The SSA then several times notified the firm that it was continuing to retain about $22,000 from Pais's total award as the contingency fee.  By the time the firm sought the remaining amount of the available attorney fees for its work in court, 26 months after the SSA notified Pais of the benefits award, the district court determined it was too late.  The SSA did not take a position in the litigation on which approach to the timing of fee motions is correct, in-house counsel Timothy Bolen told the court during oral argument.  Bolen said the agency's role is to act as quasi-trustee for the claimant and reserve 25% of the award for potential payment of attorney fees, while the question of how much in fees to award is left to the district court.

Eleventh Circuit Tosses Insurer’s Request for Attorney Fees

June 2, 2022

A recent Law 360 story by Josh Liberatore, “11th Circ. Tosses Insurer’s Bid For Atty Fees After Reversal” reports that an insurer can't seek attorney fees on a $1.6 million judgment it previously won against a Liberty Mutual unit, the Eleventh Circuit confirmed, which comes after the court recently vacated the insurer's win on claims that the Liberty unit breached its contract while defending a fatal accident suit.  In an unpublished opinion, the appellate panel denied Endurance American Specialty Insurance Co.'s bid for attorney fees as moot. 

In May, the Eleventh Circuit reversed Endurance's $1.6 million win, finding that it couldn't show how Safeco Insurance Co. breached an indemnity agreement it had with Comegys Insurance Agency Inc., which was insured by Endurance.  "Safeco did win its appeal," the panel noted, "so, Endurance may not seek attorneys' fees."  Endurance had asked the Eleventh Circuit to overturn a lower court judge's ruling that its claims for attorney fees stemming from the judgment against Safeco were time-barred because Endurance failed to seek the fees within 14 days of the judgment.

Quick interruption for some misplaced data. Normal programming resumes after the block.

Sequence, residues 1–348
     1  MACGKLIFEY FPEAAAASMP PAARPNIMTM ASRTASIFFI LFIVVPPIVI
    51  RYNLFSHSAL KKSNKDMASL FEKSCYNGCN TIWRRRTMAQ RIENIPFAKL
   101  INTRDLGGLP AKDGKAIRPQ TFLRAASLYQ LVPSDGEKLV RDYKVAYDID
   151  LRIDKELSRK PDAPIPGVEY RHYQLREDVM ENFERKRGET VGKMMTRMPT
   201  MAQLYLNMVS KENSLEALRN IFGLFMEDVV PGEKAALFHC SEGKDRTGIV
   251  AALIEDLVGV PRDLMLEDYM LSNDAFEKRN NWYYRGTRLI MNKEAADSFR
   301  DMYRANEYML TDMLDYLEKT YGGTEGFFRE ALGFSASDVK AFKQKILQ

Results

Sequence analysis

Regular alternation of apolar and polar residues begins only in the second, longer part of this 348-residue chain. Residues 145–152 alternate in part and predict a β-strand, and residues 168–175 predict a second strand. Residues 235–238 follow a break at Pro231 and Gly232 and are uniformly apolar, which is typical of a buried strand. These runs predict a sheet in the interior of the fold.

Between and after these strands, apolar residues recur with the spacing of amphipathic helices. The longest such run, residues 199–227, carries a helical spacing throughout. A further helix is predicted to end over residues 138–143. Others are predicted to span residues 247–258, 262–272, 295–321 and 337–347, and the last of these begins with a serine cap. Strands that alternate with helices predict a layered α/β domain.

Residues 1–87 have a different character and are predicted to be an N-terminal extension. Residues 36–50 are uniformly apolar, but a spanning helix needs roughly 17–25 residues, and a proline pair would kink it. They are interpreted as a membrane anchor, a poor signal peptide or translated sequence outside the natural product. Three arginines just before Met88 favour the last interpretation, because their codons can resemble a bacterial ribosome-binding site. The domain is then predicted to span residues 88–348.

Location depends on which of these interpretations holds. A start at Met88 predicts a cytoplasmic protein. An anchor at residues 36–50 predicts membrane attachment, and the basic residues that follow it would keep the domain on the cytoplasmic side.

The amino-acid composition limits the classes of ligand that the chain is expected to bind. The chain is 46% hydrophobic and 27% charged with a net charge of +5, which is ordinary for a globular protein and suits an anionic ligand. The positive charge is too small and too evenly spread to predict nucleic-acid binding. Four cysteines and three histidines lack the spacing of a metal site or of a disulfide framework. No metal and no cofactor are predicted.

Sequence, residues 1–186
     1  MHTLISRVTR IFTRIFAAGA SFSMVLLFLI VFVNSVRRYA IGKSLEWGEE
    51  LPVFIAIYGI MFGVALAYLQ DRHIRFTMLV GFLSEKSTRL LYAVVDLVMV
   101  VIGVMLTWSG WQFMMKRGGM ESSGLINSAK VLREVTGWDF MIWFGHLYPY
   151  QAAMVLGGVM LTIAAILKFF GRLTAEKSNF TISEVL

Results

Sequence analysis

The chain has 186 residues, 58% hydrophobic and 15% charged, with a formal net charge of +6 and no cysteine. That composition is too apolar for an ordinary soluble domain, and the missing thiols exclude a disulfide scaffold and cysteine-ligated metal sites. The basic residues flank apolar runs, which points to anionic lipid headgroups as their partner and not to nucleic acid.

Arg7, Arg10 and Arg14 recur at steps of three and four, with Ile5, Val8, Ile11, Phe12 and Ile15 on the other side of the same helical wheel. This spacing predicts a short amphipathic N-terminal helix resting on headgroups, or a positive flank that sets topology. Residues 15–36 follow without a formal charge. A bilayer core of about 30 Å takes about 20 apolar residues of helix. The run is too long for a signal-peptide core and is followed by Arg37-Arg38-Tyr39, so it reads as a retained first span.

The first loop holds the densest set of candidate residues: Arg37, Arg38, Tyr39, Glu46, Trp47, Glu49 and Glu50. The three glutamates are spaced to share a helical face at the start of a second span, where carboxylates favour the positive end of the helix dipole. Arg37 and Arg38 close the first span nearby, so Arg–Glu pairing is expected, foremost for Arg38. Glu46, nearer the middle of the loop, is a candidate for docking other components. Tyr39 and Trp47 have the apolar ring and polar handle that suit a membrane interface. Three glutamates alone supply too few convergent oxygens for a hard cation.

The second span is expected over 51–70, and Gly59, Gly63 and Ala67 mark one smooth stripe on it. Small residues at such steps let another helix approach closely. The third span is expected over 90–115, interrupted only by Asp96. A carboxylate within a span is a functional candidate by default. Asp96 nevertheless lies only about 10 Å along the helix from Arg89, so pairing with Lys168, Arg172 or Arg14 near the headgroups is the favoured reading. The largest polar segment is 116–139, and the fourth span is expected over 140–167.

The coverage dispute stems from an accident between driver Robert Smith and a motorcyclist, who died.  Safeco insured Smith, who bought his policies through Comegys.  Smith faced a wrongful death suit for which Safeco assigned an attorney who defended the case, and eventually a $7.3 million consent judgment was entered against Smith, according to court documents.  The consent judgment included Safeco paying the motorcyclist's estate the limits of Smith's auto policy, $1.25 million, and assigning the estate Safeco's claim against Comegys for negligent procurement, based on the theory that Comegys failed to find Smith a more robust policy after he had inquired about raising his policy limits.

Endurance insures Comegys under an errors and omissions policy, according to its suit.  The motorcyclist's estate pursued Endurance and Comegys "for the limit of Comegys's policy with Endurance," according to court documents.  The companies eventually paid just over $1.5 million to end the claims, court records show.

Endurance then sought to recoup the money from Safeco, arguing Safeco had breached its contract with Comegys by refusing to indemnify it for the alleged negligence.  Endurance's argument hinged on Safeco assigning an attorney to defend Smith, who allegedly mentioned to the motorcyclist's estate the possibility of a negligent procurement claim against Comegys and recommended an insurance lawyer to the estate.  In July 2019, a jury found in Endurance's favor, and the lower court entered a $1.6 million judgment against Safeco.